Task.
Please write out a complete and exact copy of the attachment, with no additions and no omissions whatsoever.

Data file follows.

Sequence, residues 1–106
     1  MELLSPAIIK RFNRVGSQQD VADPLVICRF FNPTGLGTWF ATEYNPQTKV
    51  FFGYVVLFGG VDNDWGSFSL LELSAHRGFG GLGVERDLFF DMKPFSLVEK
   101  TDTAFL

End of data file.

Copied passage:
Sequence, residues 1–106
     1  MELLSPAIIK RFNRVGSQQD VADPLVICRF FNPTGLGTWF ATEYNPQTKV
    51  FFGYVVLFGG VDNDWGSFSL LELSAHRGFG GLGVERDLFF DMKPFSLVEK
   101  TDTAFL